The Commissioner of Competition has ruled not to approve Corus Entertainment’s proposed sale of French-language specialty channels Historia and Séries+ to Bell Media

The Commissioner of Competition has ruled not to approve Corus Entertainment’s proposed sale of French-language specialty channels Historia and Séries+ to Bell Media. The two companies have agreed to terminate their Share Purchase Agreement.

Bell Media has laid off 17 staffers following the cancellation of Daily Planet on Discovery Canada and Innerspace on Space. Innerspace had run for nine seasons, while Daily Planet has been on air for 23 years, dating back to the Discovery Channel’s launch in 1995. Bell Media says due to increasing production costs and declining revenue, it can no longer continue production.

Mark Little, Andrew Bush, and Cynthia Dale

CBC has announced 17 new series and 36 renewals as part of its 2018-19 slate. New CBC original Canadian series include comedy Cavendish, from Picnicface comedy troupe founders Mark Little and Andrew Bush, along with Garry Campbell (Kim’s Convenience); drama Coroner, based on the book series by M.R. Hall; legal drama Diggstown, set in a Dartmouth, NS, legal aid office – the first original Canadian drama series featuring a black female lead character; family drama Northern Rescue; and the revival of Street Legal which picks up 25 years later with Olivia Novak (Cynthia Dale), now a named partner at a major Bay Street law firm.

Rachel Bilson, Eddie Cibrian, Amy Poehler, and Nick Offerman

CTV has released its summer 2018 schedule anchored by Season 6 of The Amazing Race Canada, beginning July 3. The lineup includes new detective drama Take Two, starring Rachel Bilson and Eddie Cibrian; DIY competition series Making It with Amy Poehler and Nick Offerman, and Season 2 of Jennifer Lopez’s World of Dance. Corner Gas Animated and original mystery-crime drama Carter, starring Jerry O’Connell, also make their network debut.

CTV confirmed Tuesday it was removing episodes of Roseanne from its platforms after the series was abruptly cancelled by ABC. The network’s move followed a Twitter comment from the comedienne referring to former Obama aide Valerie Jarrett as looking like the offspring of the “Muslim Brotherhood & Planet of the Apes.” Roseanne later apologized. ABC Entertainment president Channing Dungey denounced the comment as “abhorrent, repugnant and inconsistent with our values, and we have decided to cancel her show.”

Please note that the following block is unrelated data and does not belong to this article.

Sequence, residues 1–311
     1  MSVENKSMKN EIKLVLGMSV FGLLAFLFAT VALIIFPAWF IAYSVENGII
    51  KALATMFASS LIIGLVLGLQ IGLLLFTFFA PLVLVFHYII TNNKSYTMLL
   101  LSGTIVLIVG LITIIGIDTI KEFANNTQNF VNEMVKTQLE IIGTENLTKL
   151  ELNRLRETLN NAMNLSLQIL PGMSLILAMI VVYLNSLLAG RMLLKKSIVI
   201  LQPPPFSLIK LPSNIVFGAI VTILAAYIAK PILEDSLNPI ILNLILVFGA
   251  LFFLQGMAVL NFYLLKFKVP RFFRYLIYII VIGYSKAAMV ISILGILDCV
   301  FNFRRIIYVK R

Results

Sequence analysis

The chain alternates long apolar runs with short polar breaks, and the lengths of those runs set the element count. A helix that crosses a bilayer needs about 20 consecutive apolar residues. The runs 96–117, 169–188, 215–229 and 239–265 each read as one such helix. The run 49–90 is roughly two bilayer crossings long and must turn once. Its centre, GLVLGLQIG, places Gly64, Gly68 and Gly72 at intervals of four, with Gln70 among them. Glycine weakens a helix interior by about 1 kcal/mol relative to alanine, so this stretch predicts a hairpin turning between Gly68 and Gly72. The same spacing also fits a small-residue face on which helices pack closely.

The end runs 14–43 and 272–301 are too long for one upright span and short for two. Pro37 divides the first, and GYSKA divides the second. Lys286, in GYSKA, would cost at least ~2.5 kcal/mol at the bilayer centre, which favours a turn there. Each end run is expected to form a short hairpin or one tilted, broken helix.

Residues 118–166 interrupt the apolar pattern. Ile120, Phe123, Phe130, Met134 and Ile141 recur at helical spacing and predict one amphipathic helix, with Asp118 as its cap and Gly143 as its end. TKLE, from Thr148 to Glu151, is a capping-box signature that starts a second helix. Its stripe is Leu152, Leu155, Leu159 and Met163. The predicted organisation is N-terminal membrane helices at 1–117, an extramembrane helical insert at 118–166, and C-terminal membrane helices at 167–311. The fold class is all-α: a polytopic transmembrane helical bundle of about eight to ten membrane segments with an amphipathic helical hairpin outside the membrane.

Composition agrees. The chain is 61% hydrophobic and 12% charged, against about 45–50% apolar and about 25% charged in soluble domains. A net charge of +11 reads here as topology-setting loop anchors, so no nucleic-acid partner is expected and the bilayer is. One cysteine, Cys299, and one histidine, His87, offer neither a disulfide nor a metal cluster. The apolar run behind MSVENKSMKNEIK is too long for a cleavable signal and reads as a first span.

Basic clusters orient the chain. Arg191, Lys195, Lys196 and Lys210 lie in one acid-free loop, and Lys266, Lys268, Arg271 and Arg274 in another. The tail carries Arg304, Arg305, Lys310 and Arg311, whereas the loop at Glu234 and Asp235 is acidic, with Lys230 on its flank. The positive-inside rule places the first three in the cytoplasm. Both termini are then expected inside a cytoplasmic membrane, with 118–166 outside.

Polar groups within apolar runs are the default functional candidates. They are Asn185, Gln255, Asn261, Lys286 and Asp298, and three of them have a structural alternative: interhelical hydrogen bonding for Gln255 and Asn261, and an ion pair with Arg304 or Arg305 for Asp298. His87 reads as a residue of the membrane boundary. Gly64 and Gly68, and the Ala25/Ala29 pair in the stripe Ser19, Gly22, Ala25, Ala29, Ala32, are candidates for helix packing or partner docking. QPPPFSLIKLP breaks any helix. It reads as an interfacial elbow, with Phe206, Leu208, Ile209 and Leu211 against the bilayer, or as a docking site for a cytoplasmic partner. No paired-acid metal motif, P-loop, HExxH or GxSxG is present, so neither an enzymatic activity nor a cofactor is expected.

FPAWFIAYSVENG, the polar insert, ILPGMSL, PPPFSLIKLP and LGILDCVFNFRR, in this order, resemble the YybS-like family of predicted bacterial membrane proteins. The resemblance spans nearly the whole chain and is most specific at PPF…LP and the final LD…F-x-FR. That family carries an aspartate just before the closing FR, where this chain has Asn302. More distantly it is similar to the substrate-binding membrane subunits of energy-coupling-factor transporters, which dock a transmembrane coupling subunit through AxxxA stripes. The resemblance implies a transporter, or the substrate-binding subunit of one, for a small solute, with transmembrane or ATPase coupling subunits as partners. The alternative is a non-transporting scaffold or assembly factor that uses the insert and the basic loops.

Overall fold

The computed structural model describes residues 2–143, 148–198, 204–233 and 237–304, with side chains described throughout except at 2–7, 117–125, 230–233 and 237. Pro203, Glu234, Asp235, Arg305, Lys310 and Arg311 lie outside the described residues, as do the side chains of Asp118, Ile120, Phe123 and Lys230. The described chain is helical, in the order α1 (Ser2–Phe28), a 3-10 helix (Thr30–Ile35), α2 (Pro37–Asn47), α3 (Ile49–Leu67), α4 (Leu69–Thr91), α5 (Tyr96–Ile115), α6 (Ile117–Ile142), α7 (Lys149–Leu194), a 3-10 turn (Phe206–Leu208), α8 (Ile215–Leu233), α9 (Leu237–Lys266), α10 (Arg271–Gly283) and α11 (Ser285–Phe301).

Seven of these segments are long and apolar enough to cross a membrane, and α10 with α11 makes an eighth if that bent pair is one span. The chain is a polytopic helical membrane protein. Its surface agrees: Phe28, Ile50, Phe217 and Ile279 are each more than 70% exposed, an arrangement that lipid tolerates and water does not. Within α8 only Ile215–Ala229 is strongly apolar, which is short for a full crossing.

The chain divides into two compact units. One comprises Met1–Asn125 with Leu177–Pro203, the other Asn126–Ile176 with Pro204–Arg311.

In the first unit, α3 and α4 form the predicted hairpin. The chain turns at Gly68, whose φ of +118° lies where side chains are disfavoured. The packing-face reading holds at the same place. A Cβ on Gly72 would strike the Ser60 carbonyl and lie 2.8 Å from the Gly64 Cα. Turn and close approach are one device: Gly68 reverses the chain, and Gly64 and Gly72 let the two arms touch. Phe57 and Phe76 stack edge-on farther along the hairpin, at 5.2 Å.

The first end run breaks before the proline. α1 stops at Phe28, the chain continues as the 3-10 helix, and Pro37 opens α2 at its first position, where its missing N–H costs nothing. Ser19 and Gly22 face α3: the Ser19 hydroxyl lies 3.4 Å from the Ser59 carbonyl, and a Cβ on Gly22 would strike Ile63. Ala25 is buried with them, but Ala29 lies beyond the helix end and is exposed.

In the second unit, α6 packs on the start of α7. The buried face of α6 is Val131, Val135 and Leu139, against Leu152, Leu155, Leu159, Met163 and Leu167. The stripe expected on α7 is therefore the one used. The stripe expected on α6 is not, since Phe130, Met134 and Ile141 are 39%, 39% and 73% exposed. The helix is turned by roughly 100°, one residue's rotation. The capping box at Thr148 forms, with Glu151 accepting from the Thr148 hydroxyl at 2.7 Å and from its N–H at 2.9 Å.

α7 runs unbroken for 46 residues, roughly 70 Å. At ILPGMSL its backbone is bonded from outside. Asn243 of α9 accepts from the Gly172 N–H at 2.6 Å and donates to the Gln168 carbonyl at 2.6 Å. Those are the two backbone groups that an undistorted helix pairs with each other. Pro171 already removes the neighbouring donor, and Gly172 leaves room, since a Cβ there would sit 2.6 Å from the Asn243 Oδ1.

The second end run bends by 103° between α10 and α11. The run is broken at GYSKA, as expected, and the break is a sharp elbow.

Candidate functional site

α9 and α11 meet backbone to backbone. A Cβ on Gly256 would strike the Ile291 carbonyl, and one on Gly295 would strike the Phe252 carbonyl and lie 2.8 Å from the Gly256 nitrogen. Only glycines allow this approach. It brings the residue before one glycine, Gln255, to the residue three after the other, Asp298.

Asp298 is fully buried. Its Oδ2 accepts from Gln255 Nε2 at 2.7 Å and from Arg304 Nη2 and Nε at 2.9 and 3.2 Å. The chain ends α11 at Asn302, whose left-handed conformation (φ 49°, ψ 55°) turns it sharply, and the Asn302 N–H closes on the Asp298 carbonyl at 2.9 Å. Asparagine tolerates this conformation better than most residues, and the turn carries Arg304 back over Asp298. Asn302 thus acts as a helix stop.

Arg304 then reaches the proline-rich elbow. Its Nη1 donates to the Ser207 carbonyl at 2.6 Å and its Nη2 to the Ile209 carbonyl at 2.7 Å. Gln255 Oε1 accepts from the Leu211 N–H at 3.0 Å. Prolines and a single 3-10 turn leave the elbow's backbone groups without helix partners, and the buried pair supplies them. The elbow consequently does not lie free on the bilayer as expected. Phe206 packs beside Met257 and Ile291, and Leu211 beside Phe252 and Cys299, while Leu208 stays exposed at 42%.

Derek Harvie

DHX Television’s Family Channel, Universal Kids and Six Eleven Media have started production on new live-action series Greenfields. Created by Derek Harvie, the half-hour, single camera comedy follows 12-year-old Max and an eclectic group of friends as they navigate the highs and lows of running a startup. The 20-episode order is being filmed in Toronto, with the series scheduled to debut on Family Channel (Canada) and Universal Kids (U.S.) this fall.

Karen Walton

Karen Walton is the recipient of the 5th annual Nell Shipman Award. The Toronto ACTRA Women’s Committee (TAWC) created the award to honour a female-identifying producer, writer, showrunner, mentor or programmer who has advanced gender equity in the Canadian film and television industry. Walton is a film writing graduate of the Canadian Film Centre and a recent Showrunner in Residence for the CFC’s Bell Media Prime Time TV program. She is best known as the writer of the cult horror classic Ginger Snaps, with her TV credits including episodes of Orphan Black and Queer as Folk. In 2007, she founded Facebook group inkcanada – Canadian Screenwriters & Their Sketchy Friends, dedicated to fostering open exchanges between Canada’s professional storytellers and those who aspire to tell their own stories.

Amir Kahnamouee

Amir Kahnamouee has been selected as the winner of the 2018 Daryl Duke Prize, an award created to support up-and-coming Canadian film and television writers, for his screenplay Port of Call. The prize comes with a $25,000 award. Set in Montreal where Amir was born, Port of Call is inspired by the real life experiences of his uncle who immigrated to Canada with his family to seek a better life around the time of the revolution in Iran. The Daryl Duke Foundation announced the launch of the prize in 2016 to honour the memory of the late Emmy Award-winning Canadian film and television creator from Vancouver. Among his credits was the acclaimed series Thorn Birds.